There was also a man who asked Ubayy ibnKa'b about a problem and he said: '0 my son, does this affairwhich you asked me about exist?' He replied: 'No.' So theformer said: 'If that is the case, leave this question until it doesexist.' ( 12 )
One day Umar was reading the Qur'an and came to the ayah:'And We caused to grow therein seeds, vines, herbs, olive trees,palms and gardens (which were) profuse, fruitful and verdant(abban).' ( 13 )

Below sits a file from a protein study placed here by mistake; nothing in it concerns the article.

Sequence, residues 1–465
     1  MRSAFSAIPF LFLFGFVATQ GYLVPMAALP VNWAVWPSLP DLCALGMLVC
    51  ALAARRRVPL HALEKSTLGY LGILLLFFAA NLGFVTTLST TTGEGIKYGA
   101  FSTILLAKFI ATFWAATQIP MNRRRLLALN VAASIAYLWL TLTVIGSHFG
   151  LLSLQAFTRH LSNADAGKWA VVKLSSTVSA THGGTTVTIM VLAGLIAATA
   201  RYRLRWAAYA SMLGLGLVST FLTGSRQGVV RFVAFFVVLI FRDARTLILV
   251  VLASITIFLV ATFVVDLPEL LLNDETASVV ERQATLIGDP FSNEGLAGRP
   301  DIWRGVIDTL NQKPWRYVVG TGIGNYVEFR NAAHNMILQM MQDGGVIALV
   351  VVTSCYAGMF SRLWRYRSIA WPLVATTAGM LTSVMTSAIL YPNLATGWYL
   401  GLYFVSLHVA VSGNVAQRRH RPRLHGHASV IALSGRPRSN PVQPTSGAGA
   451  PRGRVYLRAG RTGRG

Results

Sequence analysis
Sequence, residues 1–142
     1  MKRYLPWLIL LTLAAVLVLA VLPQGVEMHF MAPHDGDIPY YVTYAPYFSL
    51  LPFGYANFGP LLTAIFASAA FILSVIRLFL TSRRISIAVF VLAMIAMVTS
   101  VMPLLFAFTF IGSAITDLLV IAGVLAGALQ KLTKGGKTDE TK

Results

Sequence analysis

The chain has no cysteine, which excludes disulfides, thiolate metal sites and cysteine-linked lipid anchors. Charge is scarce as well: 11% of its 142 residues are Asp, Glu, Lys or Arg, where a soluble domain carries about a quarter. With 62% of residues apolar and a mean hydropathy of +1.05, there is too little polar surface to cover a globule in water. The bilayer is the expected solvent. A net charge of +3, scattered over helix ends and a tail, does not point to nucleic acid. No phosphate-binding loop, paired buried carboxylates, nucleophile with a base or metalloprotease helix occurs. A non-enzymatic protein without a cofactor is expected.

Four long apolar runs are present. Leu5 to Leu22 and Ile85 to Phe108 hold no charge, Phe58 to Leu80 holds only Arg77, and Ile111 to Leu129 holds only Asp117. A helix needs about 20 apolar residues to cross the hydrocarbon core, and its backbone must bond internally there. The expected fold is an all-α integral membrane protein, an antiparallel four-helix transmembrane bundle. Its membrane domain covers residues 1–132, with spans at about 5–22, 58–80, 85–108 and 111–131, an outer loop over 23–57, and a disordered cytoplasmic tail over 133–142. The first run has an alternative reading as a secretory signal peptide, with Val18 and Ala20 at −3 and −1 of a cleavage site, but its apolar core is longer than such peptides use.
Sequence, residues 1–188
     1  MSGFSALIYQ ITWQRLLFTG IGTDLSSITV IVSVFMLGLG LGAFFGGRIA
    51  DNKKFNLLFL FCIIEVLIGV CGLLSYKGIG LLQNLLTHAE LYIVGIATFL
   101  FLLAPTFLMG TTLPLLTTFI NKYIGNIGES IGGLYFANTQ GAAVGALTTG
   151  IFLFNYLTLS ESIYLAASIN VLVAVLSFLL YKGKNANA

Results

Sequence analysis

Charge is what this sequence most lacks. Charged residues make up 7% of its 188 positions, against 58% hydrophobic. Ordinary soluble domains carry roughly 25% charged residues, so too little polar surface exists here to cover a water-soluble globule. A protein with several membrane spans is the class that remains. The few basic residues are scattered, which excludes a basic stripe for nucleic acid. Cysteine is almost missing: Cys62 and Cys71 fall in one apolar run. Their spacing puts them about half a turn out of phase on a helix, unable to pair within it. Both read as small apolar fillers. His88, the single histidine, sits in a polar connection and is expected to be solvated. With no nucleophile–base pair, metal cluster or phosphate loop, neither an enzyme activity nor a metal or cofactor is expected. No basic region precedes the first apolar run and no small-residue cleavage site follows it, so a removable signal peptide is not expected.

So someone said: 'We know all of this, but what isabban?' Then Umar said: 'This, in the Name of Allah, is anirrelevant question, and it is not important whether you knowthe meaning of abban or not. Follow what is clear in the Bookand practise it, and leave what you do not know to Allah.'We can thus discern that the sahaba tended to desist fromquestions other than those concerning clearly defined andexistent problems. It was in fact this tendency that led to thescarcity of legislative texts reported on the authority of theProphet and later necessitated the consultation of sources otherthan the Qur'an and the Sunnah, such as legal discretion(istihsan) and analogy (qiyas), and the other features ofindependent judgement (ijtihad) which combine to form thepersonal interpretation of the mujtahid, which can allow theman's personality, his tastes and his personal understanding toenter into the legislative act.Such a tendency is, of course, diametrically opposed to theprocess of personal and ideological preparation which wouldhave required the extensive education of this generation, whilealso requiring that they be acquainted with the legal stipulationsconcerning the problems which they would face when involvedin the leadership.Just as the sohaba refrained from asking questions to theProphet they also chose not to record his ahadith in writing, inspite of the fact that the ahadith constituted the second Islamicsource and that this was the only way to preserve it and preventdistortion. Indeed, Al-Hirawi expressed openly his disparagementof the oral tradition on the authority of Yahya ibn Sa'idfrom 'Abd Allah ibn ad-Dinar, saying that neither the sahabanor the next generation wrote down the ahadith but transmittedthem orally and learnt them by heart, except for the book aboutthe alms tax (kitab as-sadaqat). In fact, according to the Tabaqatof lbn Sa'd, the second khalifah thought regarding the bestposition to adopt concerning the Sunnah of the Prophet for awhole month, but finally announced his prohibition of thedocumentation thereof. Thus the Sunnah of the Prophet, whichwas the most important Islamic source after Al-Qur'an al-Karim,was destined to suffer arbitrarily from forgetfulness, distortionand the death of those who had learnt the traditions by heart(huffaz) for nearly 150 years.The only exceptions to this were the Ahl al-Bayt who appliedthemselves to the documented recording of ahadith from theearliest period, and we know from the numerous ahadithreported on the authority of the Imams of the Ahl al-Bayt thatthey possess a weighty book which had been dictated by theProphet of Allah and written by the hand of Ali ibn Abi Talib,and which included all the Sunnah of the Prophet of Allah.Do you, by Allah, believe that this naive group of people -- ifthey were in fact naive -- who refrained from asking questionsabout matters which had not yet occurred and forbade thedocumentation of the Sunnah of the Prophet after he hadpronounced it were capable of guiding the new religion or ofleading it through the most important and difficult stages of itslong history? Or do you, by Allah, believe that the Prophet lefthis Sunnah to posterity without ensuring its organization anddocumentation, although he had commanded his followers topractice it? Furthermore, had he really arranged for the conceptof a shua, would it not have been necessary to delineate its rulesand to organize his Sunnah, so that the shura could progressaccording to a definite programme in which personal desireswould have no part to play? Or is it that the only rationalinterpretation of this is that the Prophet had prepared Imam Alito assume the leadership after his death and entrusted him withhis complete Sunnah and taught him 1,000 types of knowledge?In fact, the events which took place after the death of theProphet proved that the Muhajirun and the Ansar had notreceived any sort of instruction concerning many of themomentous problems which the da'wah had to face after thetime of the Prophet so that neither the khalifah nor the centralgovernment who supported him had a clear idea as to how thelands won by the Islamic conquests should be dealt withaccording to the Shari'ah, whether these lands should be dividedamongst the fighting forces or should be regarded as endowments(auqaf) for the good of all Muslims. For it is surelyinconceivable that the Prophet assured the Muslims that theywould conquer the lands of Khusrow and Caesar and intendedthat the Muhajirun and the Ansar should lead the da'wah andhandle the problems arising from these victories when he didnot acquaint them with the legal premises which were necessaryto control the large proportion of the world which was to comeunder Islamic rule.Indeed we can go even further and illustrate that the generationwhich was contemporary to the Prophet did not even possess aclearly defined picture of the religious matters which theProphet had practised hundreds of times within the sight andhearing of the sahaba.A good example of this is the case of the prayers said over adead man (salat aI-mayyit), a practice which the Prophet hadcarried out publicly on hundreds of occasions, performing it asone of the funeral cortege with the funeral escort and those whooffered up prayers. Yet in spite of this, it appears that the sahabadid not consider it necessary to note the form of this ritecarefully as long as the Prophet led the prayer, while theyfollowed him step by step. Because of this they fell intodisagreement after the death of the Prophet as to the number oftakbir (to say Allahu Akbar) repeated in the salat al-mayyit.At-Tahawi reported from Isma'il saying:'When the Prophet of Allah died, the people differed as to howmany takbir should be said over the bier. One man would say, 'Iheard the Prophet of Allah say Allahu Akbar seven times.,,While another said, "I heard the Prophet of Allah say AllahuAkbar five times" and a third would say, "I heard the Prophet ofAllah say Allahu Akbar four times." So they differed openlyuntil the death of Abu Bakr and when Umar became khalifahand perceived their disagreement he became grieved and sent forone of the sahaba of the Prophet of Allah, and said, "You arethe sahaba of the Prophet of Allah! When you differ before thepeople they shall differ after you, and when you agree upon amatter the people shall agree upon it. So consider what you shallagree upon." And it was as if he had awakened them. So theyreplied, "It shall be as you wish, 0 Leader of the Faithful.' ( 14 )